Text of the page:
The WhatsApp scam is made all the more plausible by rival breweries launching their own Covid-19 campaigns. For instance, Budweiser recently opened a £1m gift card scheme for locked out guzzlers to pre-purchase drinks before pubs can re-open their doors, while this week Carlsberg has unveiled its “Adopt a Keg” initiative which gives drinkers the chance to earn post-lockdown pints.
The Heineken message instructs users to click on a link to get free beer. The link then opens a website which asks them to fill out a one-minute survey on their drinking habits to determine whether they will receive the prize.
Heineken has issued a statement, warning people that in some cases personal names of its officers and the company’s logo are “copied and used for these purposes to give the impression that it is genuine”.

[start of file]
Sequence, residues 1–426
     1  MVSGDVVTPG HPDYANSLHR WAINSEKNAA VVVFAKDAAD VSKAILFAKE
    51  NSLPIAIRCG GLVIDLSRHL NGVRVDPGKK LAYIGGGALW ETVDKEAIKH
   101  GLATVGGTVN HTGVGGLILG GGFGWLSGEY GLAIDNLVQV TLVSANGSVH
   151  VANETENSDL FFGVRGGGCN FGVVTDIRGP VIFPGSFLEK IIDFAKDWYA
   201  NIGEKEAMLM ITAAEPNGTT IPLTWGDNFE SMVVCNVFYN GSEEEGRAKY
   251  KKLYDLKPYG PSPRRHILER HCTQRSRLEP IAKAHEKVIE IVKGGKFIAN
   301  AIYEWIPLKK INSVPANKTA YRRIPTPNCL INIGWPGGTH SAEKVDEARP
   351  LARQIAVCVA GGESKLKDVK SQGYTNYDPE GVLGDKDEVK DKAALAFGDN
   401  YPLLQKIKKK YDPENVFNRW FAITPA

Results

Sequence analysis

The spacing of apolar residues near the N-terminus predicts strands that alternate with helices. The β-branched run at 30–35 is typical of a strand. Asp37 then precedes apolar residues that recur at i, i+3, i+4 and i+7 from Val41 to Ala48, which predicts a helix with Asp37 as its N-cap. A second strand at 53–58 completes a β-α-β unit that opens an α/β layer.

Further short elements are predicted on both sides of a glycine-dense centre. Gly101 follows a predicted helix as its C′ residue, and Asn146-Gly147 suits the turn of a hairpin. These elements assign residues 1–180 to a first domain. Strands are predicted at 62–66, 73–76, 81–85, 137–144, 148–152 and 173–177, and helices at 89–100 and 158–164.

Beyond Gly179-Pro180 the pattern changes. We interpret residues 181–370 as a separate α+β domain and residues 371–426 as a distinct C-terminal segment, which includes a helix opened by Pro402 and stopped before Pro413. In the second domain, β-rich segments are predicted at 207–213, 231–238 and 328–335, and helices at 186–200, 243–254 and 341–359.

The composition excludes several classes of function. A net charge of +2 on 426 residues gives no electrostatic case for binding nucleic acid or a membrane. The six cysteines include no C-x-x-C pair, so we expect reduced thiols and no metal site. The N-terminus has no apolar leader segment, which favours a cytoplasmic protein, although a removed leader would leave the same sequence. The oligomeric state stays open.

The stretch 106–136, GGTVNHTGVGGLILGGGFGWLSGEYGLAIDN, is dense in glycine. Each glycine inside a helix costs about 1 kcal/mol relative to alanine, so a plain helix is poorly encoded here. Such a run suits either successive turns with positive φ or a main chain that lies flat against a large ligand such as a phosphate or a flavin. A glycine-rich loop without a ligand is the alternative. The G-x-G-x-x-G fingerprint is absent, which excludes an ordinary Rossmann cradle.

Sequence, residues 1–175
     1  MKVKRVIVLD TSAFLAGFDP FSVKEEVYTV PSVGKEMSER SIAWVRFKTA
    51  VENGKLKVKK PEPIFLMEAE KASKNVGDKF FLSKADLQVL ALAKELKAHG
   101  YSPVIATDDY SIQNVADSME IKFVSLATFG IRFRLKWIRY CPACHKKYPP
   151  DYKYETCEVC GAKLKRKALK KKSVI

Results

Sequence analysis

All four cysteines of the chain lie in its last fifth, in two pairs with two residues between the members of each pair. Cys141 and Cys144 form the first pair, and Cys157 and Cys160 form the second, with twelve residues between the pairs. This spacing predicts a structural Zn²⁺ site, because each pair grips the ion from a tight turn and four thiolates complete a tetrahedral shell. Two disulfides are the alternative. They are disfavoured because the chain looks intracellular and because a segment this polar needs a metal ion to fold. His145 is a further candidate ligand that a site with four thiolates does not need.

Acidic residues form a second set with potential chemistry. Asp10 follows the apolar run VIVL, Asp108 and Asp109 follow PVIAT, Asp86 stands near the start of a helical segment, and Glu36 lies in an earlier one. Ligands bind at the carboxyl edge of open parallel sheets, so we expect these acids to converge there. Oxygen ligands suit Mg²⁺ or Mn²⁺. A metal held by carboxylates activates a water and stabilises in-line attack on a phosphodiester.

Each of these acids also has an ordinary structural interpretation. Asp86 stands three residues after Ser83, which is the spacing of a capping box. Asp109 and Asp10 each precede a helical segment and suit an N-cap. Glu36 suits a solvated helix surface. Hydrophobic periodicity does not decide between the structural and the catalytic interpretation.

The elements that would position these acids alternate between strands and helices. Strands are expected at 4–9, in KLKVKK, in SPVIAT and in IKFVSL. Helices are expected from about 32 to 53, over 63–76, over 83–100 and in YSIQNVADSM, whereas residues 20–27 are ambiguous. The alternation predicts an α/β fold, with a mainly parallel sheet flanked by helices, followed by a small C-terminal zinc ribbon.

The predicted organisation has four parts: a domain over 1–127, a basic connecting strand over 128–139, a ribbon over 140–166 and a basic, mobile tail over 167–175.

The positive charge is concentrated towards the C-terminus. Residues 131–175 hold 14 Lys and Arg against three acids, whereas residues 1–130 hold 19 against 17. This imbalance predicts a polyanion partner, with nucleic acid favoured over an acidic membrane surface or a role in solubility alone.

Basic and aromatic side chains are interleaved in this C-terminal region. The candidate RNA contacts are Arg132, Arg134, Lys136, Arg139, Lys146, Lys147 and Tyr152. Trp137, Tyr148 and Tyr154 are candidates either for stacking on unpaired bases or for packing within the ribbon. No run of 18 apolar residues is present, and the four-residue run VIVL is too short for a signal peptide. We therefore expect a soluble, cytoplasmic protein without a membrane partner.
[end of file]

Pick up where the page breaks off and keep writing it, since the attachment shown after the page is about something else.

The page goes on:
The firm added: “We have become aware that the Heineken Company, the Heineken brand name and logo, as well as personal names of officers, are being fraudulently used for activities in which we are are not involved whatsoever.
“We strongly recommend that you do not open any documents attached to those communications, and that you do not respond in any way to such communications received, hence do not give any personal information or bank details.”
Which? head of money Gareth Shaw said that the coronavirus outbreak has created the perfect storm for scams, with fraudsters using callous tactics to exploit people’s fears and vulnerability for their own financial gain.
He added: “As new scams spring up daily, our alert service aims to help people protect themselves and their loved ones. Everyone should be extra cautious about clicking on links in any unsolicited emails and texts or answering calls.”
Earlier this month, the Financial Conduct Authority revealed plans for a major ad campaign to warn consumers over a new explosion of scams and dodgy marketing tactics, as rogue businesses look to exploit the coronavirus pandemic to make a financial killing.